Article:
Graduation Date

Spring 5-9-2020

Document Type


Degree Name

Doctor of Philosophy (PhD)


Pathology & Microbiology

First Advisor

Elizabeth A. Rucks

Second Advisor

Scot P. Ouellette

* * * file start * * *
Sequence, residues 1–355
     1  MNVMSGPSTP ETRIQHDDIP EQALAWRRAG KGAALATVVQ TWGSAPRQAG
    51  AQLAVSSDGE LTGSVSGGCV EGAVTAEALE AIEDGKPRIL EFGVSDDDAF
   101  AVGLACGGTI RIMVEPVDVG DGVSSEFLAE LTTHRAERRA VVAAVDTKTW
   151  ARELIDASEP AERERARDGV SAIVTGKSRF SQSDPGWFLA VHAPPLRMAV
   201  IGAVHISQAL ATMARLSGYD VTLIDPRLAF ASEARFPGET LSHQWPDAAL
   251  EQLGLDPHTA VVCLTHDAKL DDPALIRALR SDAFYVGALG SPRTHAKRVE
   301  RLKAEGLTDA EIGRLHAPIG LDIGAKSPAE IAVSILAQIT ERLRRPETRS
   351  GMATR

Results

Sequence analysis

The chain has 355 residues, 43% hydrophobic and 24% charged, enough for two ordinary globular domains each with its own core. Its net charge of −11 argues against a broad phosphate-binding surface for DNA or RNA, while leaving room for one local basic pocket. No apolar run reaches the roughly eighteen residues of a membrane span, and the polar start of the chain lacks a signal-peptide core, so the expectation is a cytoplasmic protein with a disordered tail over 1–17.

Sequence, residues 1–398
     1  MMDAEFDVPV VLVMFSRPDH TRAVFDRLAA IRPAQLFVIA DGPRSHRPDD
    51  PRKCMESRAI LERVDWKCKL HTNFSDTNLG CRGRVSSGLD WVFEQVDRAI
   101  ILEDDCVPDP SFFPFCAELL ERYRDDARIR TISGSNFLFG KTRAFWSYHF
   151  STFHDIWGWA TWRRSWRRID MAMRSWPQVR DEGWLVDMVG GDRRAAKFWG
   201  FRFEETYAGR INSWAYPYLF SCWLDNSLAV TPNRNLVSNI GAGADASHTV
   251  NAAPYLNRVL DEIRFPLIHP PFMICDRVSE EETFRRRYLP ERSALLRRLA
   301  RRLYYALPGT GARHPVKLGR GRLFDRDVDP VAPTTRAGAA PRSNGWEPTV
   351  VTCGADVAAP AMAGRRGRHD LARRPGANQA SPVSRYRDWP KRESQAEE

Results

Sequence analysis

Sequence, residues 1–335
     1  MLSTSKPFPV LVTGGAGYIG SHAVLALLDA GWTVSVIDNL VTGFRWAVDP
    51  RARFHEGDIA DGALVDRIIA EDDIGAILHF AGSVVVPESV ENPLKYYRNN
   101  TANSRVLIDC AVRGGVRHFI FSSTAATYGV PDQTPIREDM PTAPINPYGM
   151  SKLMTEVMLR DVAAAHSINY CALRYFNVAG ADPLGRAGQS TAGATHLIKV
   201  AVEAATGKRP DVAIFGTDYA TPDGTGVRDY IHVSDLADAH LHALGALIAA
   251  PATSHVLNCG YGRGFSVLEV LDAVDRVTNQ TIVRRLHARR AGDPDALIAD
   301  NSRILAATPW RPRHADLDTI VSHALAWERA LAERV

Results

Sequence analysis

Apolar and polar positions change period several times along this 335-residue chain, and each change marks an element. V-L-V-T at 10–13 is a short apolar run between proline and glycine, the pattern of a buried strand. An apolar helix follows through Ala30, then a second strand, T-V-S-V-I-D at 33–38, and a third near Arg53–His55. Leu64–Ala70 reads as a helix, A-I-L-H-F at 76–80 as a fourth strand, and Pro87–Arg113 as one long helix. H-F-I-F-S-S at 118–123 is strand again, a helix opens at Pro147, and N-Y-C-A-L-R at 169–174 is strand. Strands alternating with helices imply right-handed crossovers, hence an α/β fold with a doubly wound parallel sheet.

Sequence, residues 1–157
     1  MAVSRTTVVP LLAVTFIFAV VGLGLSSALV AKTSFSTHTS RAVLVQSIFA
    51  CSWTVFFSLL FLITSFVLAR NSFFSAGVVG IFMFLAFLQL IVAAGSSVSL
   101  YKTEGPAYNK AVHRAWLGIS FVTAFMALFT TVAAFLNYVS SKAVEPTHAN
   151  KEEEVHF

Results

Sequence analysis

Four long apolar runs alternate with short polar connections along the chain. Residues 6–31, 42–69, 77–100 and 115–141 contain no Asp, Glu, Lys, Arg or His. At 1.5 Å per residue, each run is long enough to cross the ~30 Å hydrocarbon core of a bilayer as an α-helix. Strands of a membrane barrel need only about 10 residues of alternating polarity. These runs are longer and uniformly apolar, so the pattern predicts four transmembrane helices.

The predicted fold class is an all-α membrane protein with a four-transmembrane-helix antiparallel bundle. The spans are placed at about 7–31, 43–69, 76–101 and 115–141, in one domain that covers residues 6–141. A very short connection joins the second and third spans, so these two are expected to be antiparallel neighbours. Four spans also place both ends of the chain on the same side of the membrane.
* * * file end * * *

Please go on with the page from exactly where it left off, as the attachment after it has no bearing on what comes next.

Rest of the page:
Chlamydia trachomatis (Ctr) is the leading cause of bacterial sexually transmitted infections. Ctr, an obligate intracellular bacterium, develops within a membrane-bound vacuole called an inclusion. The inclusion membrane is modified by chlamydial inclusion membrane (Inc) proteins, the functions of which are poorly characterized. Bacterial two-hybrid analyses found some Incs (e.g., IncF) interacted with numerous Incs while others (e.g., IncA) did not. We hypothesize that some Incs organize the inclusion through Inc-Inc interactions whereas other Incs promote chlamydial-host interactions by binding eukaryotic proteins. To test our hypothesis, we implemented the ascorbate peroxidase proximity labeling system (APEX2), which labels proximal proteins with biotin in vivo. We transformed Ctr with inducible expression constructs containing incF-APEX2, incATM(transmembrane domain)-APEX2, incA-APEX2, and APEX2 alone. Affinity purification-mass spectrometry (AP-MS) of biotinylated proteins from chlamydial infected monolayers, followed by Significance Analysis of INTeractome (SAINT), was used to identify significant proteins that are proximal to the Inc-APEX2 constructs from five biological replicates. Consistent with our hypothesis, IncF-APEX2 biotinylated more chlamydial Inc proteins, whereas IncA-APEX2 biotinylated more unique eukaryotic proteins. We validated a SAINT significant eukaryotic protein, LRRF1, at the inclusion membrane by immunofluorescence and determined that the Inc CT226 interacts with LRRF1. Next, we compared our datasets with other AP-MS inclusion studies, finding only seven proteins that were similarly identified, likely a reflection of the different experimental approaches. Importantly, for the first time, we were able to directly compare two Inc-APEX2 studies, which also revealed fewer similarly identified proteins than expected. This led us to hypothesize that the overexpression of certain Incs may alter the organization of the inclusion membrane. Previously, we described defects in inclusion expansion and the production of progeny when IncF-APEX2 was expressed at high levels from transformed Ctr. To further investigate the role of Incs in chlamydial development, we transformed Ctr with inducible expression plasmids containing FLAG-tagged incF, ct813, and ct226. The expression of IncF and CT813, but not CT226, altered inclusion development, as observed by smaller inclusions and decreased IncE intensity in the inclusion membrane. These data suggest that coordinated Inc expression and insertion into the inclusion membrane is essential for optimal inclusion development.